Glucose should be the main ingredient of the product because it is the main product of photosynthesis. Glucose is a monosaccharide that is used for energy and for starting cellular respiration in the plant. The name “glucose” comes from the Greek word “glykys,” which means sweet, with the suffix “ose,” which denotes that it is a carbohydrate. Glucose is critical in the production of proteins and in lipid metabolism. Glucose is also used as a precursor for the synthesis of several important substances, such as starch and cellulose. Starch is a way in which plants store energy and cellulose makes up most of the structural parts of plants.

    Fructose is also a monosaccharide and is a main component of most tree fruit, berries, and melons. It is the sweetest naturally occurring sugar and is twice as sweet as the disaccharide sucrose, which consists of glucose and fructose bonded together.

    The disaccharide maltose is also an important sugar because enzymes break it down into two glucose molecules.

    All of the above sugars are produced naturally by plants. By adding a supplement containing these simple and complex sugars to a well-balanced nutrient, a plant will increase the levels of sugars in the leaves and throughout the plant. This will let the plant use its energy more efficiently, allowing more energy to be focused on producing large fruit and bigger blooms. These sugars will also improve the taste of the end product while giving fuel to beneficial bacteria and fungi.

    Using sugar supplements with carbon-based fulvic acid and humic acid bring great benefits to your plants with no downside. Knowing this and how the plants produce and use these sugars makes using them simply “carbo-logic.”
  4. Dutch Pimp

    Dutch Pimp Up in Smoke

    Damn! ...bozo...I can't read all that shit...:rastabanna:

    ps...thanks...for speaking up for me...:thumbsup:...I got there too late.
  5. NaughtyDreadz

    NaughtyDreadz Registered+

    based on that I should also be giving them molasses in veg too???
  6. jessejames12345

    jessejames12345 Registered+

    Make sure all your other feeding is proper before adding molasses though, it can nute-lock you out faster that anything. I know from experience.:wtf:
  7. dodohead

    dodohead Registered+

    Jeez, thanks guys, and a special thanks to bozo:jointsmile:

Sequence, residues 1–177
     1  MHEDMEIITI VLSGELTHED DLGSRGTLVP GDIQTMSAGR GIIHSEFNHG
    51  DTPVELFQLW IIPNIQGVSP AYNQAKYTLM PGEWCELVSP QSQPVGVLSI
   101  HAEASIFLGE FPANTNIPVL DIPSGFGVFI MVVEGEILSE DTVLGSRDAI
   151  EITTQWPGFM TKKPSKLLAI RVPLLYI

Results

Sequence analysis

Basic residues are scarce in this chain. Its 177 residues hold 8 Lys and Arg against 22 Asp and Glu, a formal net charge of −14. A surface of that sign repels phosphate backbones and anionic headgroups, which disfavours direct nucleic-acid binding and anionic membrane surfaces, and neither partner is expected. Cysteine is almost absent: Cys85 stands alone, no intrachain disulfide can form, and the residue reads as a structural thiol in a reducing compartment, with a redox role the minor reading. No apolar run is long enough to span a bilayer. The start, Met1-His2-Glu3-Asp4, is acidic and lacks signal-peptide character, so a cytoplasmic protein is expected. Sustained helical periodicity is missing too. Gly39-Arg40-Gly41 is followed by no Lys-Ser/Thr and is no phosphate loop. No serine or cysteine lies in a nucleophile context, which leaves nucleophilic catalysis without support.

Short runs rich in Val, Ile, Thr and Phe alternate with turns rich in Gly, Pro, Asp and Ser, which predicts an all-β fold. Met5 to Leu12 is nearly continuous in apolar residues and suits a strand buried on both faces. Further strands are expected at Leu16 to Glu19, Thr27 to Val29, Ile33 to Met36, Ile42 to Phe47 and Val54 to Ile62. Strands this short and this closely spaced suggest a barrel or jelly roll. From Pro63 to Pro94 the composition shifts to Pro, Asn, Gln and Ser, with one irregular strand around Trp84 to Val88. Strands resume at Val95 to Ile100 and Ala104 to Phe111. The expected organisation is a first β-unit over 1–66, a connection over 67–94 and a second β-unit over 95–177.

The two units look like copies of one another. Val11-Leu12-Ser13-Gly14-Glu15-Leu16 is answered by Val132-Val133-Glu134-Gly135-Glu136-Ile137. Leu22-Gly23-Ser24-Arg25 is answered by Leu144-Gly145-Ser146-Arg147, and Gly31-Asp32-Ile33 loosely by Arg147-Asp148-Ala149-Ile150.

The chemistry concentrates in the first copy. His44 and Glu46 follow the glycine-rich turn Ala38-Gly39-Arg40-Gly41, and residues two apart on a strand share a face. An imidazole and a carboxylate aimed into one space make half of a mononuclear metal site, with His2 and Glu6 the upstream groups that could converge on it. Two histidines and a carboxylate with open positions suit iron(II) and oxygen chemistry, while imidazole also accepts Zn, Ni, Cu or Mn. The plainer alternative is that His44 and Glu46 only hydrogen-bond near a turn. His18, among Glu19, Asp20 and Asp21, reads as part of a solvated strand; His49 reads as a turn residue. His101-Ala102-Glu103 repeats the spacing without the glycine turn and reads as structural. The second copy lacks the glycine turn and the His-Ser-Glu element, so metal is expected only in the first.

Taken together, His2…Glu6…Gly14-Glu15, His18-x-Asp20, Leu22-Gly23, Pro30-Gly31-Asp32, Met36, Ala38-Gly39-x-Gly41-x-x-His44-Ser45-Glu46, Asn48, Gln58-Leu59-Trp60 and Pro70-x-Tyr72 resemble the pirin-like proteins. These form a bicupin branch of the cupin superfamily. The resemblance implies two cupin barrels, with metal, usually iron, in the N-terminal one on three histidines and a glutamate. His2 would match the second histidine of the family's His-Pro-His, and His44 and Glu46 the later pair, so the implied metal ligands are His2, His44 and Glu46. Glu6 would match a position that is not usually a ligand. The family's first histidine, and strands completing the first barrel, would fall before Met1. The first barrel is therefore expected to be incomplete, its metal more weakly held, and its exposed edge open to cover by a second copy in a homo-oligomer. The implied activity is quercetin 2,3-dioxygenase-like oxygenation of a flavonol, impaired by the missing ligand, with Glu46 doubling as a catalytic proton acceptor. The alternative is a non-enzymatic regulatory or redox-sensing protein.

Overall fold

So when exactally do I start adding molasses? Should I keep increasing the molasses intake gradually? Should I mix it in with other ferts, or add it in a seperate mix? How long before harvest do I want to stop adding molasses? My gal was started in mid march (the 12th) and located in north central PA btw. Replies appreciated.
  8. dodohead

    dodohead Registered+

    anybody have any personal experience comparisons between not using and using molasses?
  9. Dutch Pimp

    Dutch Pimp Up in Smoke

    Yes...I have...:thumbsup:...What you grow is better than what you buy....:rastabanna:

    sorry...what was the question again?
    Last edited: Jun 20, 2008
  10. justanotherbozo

    justanotherbozo Registered

    you're welcome Dutch, he was off base

    to dodohead, i know that that document is kinda involved but it is important you sorta understand it.

    you use molasses during flowering because, as the plant grows, it produces sugars as part of its natural life cycle, as it begins flowering, it needs these sugars more and more.

    by introducing sugars you free the plant up from having to produce those sugars itself. your reward will be fatter, sweeter tasting buds.

    anyway, i've not grown any side by side tests to see which would be better, i've just accepted conventional wisdom

    good luck
    • Like Like x 1
  11. justanotherbozo

    justanotherbozo Registered

    glad i could help dude, all i ask is that you help the next guy, when you are able

    God willing, we can get the whole world stoned, lol
  12. dodohead

    dodohead Registered+

    yeah i hope someone like me with the same questions will find this thread, and have their questions answered, like i have. as for the whole world getting stoned, one step closer:jointsmile:
  13. dodohead

    dodohead Registered+

    So how do I start adding molasses?

    What should I start with?
    How often (every other water, etc)?
    Should I keep increasing the molasses intake gradually?
    Should I mix it in with other ferts, or add it in a seperate mix? How long before harvest do I want to stop adding molasses?

    My (outdoor, soil) gal was started in mid march (the 12th) and located in north central PA btw. Replies appreciated.
    Last edited: Jun 25, 2008
    • Like Like x 1
  14. Dutch Pimp

    Dutch Pimp Up in Smoke

    This is the way, I did it:

    1. Water and Nutes

    2. Water

    3. Water and Molasses (1 TSP per gallon)

    4. Repeat steps 1-3

    Each step is when the plant is bone dry, according to my moisture meter. This may not be the best way, but it's my way....:glugglug:
    Last edited: Jun 26, 2008
    • Like Like x 1
  15. LolaGal

    LolaGal Registered+

    Black strap molasses is the best type to use. It is the end product of molasses production. Just don't eat it!!!!!YUCK.....
  16. Raftastic

    Raftastic Registered+

    Ok this thread helped,but no-one answered the question 'When do you start adding molasses ?'
  17. keeko

    keeko Registered+

    i start 2 weeks into flowering
  18. Raftastic

    Raftastic Registered+

    Thankyou Keeko.
  19. Rusty Trichome

    Rusty Trichome Registered+

    I usually start them on the molasses as soon as I flip them to 12/12.
    I got a little 8oz bottle of Grandma's, and had been adding it weekly @ 2 tsp per gallon of ph'd water for the last six months or so. Not because it works, as I haven't noticed any significant difference, but because I still have some.
    The carbo-load theory sounds good, but perhaps my nutes (Fox Farms) or micro's (Superthrive for veg, Fox Farms for flowering) already provide the carbs...IDK.
    If I add more than 2 tsp per gallon per week, nute lockout comes fast and hard. A good flush rectifies that situation, tho.

    Have eased-back to 1 teaspoon per week, in case I was overdoing it a bit.
    Time will tell, but I have seriously considered not replenishing my supply of the stuff.

    Messy and sticky I can live with...Messy, sticky and ineffective I can't.

    Has anyone out there had better results?